What is human nature? What is restricted in front of others and in front of the self? How can the subconscious be liberated?
Artaud’s contribution to the Theatre of Cruelty aims to connect the performer and the audience while exploring the human subconscious on stage. His radio play To Have Done With The Judgement Of God has now been adapted by Fear No Colours Theatre Company with an innovative and daring approach, which gives particular focus to the bond between nature and mankind.
Directed by Julia Midtgard and designed by Chris Duffy, the ensemble of six revives To Have Done With The Judgement Of God as a dynamic, excessive and though-provoking blend of spoken word, choreography and intimate encounters between performer and spectator.
In the powerful beginning, two female performers (Tingting Liu and Rhiannon Bird) take over the dark stage with flashlights in hand, their whispered words spoken in a robotic-like symphony. The mystical and surreal atmosphere grows upon the ‘birth’ of the human men (Andrew Davies, Findlay Duff, Kristupas Liubinas and Harry Pearce), who emerge from a plastic tent serving as the motherly womb. From this moment onwards, the division of roles is clear: the two women represent Mother Nature, whereas the men stand for the human race itself. They are nurtured by Liu and Bird, who support them separately, then wash and dress them in suits.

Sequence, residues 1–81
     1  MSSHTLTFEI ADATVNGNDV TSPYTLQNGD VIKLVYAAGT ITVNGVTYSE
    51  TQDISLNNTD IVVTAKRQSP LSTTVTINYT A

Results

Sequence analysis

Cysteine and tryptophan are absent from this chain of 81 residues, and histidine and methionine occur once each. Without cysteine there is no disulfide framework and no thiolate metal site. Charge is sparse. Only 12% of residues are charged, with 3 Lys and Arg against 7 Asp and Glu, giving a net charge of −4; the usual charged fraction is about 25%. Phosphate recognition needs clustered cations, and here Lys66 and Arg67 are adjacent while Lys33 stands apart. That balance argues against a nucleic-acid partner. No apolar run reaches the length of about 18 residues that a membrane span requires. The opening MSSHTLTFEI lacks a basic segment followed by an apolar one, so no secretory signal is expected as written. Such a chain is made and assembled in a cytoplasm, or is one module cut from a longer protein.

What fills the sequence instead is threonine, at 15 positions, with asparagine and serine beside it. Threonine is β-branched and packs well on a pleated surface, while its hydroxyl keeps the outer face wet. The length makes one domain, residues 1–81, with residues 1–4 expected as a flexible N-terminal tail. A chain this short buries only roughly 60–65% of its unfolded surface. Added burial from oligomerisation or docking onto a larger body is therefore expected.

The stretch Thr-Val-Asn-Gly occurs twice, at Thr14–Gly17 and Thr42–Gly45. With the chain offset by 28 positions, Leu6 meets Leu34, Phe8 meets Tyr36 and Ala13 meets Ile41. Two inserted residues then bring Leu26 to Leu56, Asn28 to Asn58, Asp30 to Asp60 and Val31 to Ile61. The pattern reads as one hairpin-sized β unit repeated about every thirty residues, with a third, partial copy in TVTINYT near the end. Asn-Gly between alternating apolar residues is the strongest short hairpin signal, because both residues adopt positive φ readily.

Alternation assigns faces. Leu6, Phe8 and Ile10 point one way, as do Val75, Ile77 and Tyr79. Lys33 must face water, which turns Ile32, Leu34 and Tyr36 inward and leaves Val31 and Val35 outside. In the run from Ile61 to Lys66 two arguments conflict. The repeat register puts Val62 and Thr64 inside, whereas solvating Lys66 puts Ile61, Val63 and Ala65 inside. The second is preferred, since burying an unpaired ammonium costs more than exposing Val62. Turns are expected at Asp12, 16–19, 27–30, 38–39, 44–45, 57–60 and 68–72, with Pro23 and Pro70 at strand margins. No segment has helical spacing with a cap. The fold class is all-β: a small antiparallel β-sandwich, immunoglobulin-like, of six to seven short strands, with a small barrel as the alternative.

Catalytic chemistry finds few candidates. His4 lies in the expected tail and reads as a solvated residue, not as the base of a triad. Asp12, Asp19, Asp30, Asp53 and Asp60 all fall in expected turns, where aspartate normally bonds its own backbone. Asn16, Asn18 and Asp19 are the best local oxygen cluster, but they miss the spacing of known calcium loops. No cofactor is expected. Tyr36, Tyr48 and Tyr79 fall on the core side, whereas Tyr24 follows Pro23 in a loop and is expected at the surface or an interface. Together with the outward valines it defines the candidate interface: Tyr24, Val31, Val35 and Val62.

The intensity of their delivery and physicality gradually builds as time passes. Fear No Colours have decided to focus on the alienation of mankind from nature, its exploitation and destruction, as well as the decay of civilisation and humanity. In a radical dance performance, Liu and Bird are repetitively isolated from each other while also rendered defenceless against human greed, hunger and desire. Everything on stage culminates in an ecstasy of animalistic instincts, separating mankind and Mother Nature from each other and themselves.
The performers invite – almost pull – the audience into the dystopian scenario on stage. Ritual chanting, repetitive mantras and stunning phrases of choreography merge with desperate cries and screams. There is also the echoed sound of words and an outstanding connectedness of the ensemble, who breathe as one body before they scatter again into individual parts. However, the precision of their shared movement is sometimes found lacking due to rushed and overwhelming transitions.
To Have Done With The Judgement Of God is an organised tohubohu. It offers questions instead of answers and is a genuinely touching experience. Artaud’s legacy of modern performance-making is freed of dust in this fresh and alive adaptation.
To Have Done With The Judgement Of The Gods is playing at 20:15 at C too until the 27th of August. For more information and tickets, see here.
Photo Credit: Aike Jansen